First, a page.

Tech & Work

'My computer is slow': 5 quick tips for troubleshooting friends and family over the holidays

Do you end up as tech support for relatives and others over the holidays? Here are five quick tips to help you resolve their speed problems.

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Image: iStockphoto/SIphotography

The holidays are a great reason to break bread and spend quality time with family and friends. If you've come to be known as the techie in the group, though, the holidays are also a time when people may come to you for advice.

Almost every computer-literate person has to brace himself or herself for the question: "Hey, can you take a look at my computer?"

SEE: 10 mistakes to avoid when troubleshooting IT problems

The issue isn't that you don't want to help your loved ones, it's just that the issues are often more complex than they seem. To help get your troubleshooting started off on the right foot, here five quick tips that you can use as a launching point for figuring out what's wrong.

1. Clear the cache and cookies

Nowadays, most computing is done on the internet. So, when people complain about their computer being slow, what they really mean is that their favorite webpage isn't loading quickly enough, or they cannot access their email.

An easy first step to remedy this is to clear the cache and cookies. As a reminder, the cache is basically temporary storage for files that relate to loading a given website, and cookies are bits of information about how you interact with specific websites.

The process for clearing the cache and cookies will be different for each browser, but it often is nested under "settings," "preferences," or "history." Just remember to check if the user has any saved passwords before clearing the cookies, as it will often clear those out.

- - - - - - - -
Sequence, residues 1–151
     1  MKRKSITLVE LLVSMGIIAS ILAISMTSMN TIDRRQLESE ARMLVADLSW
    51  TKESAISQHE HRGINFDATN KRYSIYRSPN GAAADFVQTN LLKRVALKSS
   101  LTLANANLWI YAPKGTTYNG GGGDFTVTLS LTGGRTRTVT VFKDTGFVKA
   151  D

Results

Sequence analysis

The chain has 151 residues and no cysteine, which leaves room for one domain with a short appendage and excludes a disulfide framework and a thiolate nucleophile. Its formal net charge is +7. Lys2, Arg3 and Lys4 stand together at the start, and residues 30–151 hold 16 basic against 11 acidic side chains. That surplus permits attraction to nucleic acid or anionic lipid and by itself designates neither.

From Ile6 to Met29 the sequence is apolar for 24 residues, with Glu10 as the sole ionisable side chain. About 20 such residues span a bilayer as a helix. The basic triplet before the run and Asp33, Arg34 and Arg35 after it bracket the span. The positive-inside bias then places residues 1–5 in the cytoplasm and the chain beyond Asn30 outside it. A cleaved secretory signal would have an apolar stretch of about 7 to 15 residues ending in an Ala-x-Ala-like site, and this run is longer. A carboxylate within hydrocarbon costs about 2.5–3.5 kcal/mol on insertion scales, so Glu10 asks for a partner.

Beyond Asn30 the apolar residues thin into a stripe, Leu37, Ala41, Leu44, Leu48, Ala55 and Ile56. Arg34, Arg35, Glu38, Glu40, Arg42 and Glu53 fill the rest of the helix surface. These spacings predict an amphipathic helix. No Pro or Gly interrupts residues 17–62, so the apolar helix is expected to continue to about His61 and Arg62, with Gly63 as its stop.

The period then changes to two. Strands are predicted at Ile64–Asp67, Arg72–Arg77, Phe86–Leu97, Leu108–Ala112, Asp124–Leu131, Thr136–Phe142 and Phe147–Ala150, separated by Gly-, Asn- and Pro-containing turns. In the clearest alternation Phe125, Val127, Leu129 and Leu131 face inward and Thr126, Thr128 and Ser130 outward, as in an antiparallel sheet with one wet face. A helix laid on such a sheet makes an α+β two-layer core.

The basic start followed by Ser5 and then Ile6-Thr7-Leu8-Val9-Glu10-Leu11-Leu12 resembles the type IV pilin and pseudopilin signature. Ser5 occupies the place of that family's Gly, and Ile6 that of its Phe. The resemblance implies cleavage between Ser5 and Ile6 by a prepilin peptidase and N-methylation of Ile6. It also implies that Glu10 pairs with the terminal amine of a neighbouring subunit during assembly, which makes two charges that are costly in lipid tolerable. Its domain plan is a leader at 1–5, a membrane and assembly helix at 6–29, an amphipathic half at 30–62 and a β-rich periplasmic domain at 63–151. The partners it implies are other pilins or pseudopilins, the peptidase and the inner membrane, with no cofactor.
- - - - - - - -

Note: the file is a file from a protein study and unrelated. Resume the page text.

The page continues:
2. Remove spyware and malware

Does your uncle incessantly click on pop-ups and fake emails telling him that he won a million dollars? If so, he likely has some form of malware or spyware that is affecting his computer's performance. There are a plethora of tools available to help you remove malware, many of which offer a free version. However, a nice gift might be to purchase a premium product and set it up on their computer for them.

Here are some additional articles that could help you remove malware and spyware:

3. Look for the RAM hogs

If the speed issues are local, there could be applications and programs that are using too much memory. Check your Activity Monitor for Mac, or Task Manager for Windows to see how much memory each program is using.

One of the key ways to make sure these RAM hogs aren't causing regular problems for your user is to make sure they aren't booting at the start up. Both Windows (Startup) and Macs (Startup Items) have a folder that includes the applications that will launch at startup, and subsequently will run in the background. Make sure that there are no unnecessary programs in this folder.

4. Uninstall programs and apps

As many in IT know, simply deleting an application doesn't remove it from your device. Instead, you'll need to manually uninstall applications to get rid of them for good. In Windows, this can be accomplished from the Start button under the Control Panel, clicking on a program and selecting uninstall. On a Mac, however, you'll need a third-party application (ironic, isn't it), like AppCleaner.

While you're at it, make sure to empty the recycle bin and get rid of any files that the users doesn't use on a daily basis. While it may take a long time to go through batches of photo or video, it may save you a headache in the future.

5. DEFCON 5: Reinstall the OS

If all else fails, it may be time to reinstall the OS. This is a serious step, but it often leads to a much better user experience and can take care of a multitude of problems at once. Just be sure to back up everything the user needs in a couple different places before pursuing this option.

These articles may provide some additional assistance in reinstalling the OS:

What are your thoughts?

Do you have any other tips that techies should know before assisting their friends and family? Any family tech support horror stories? Share them both in the comments below.

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About Conner Forrest

Conner Forrest is News Editor for TechRepublic. He covers enterprise technology and is interested in the convergence of tech and culture.

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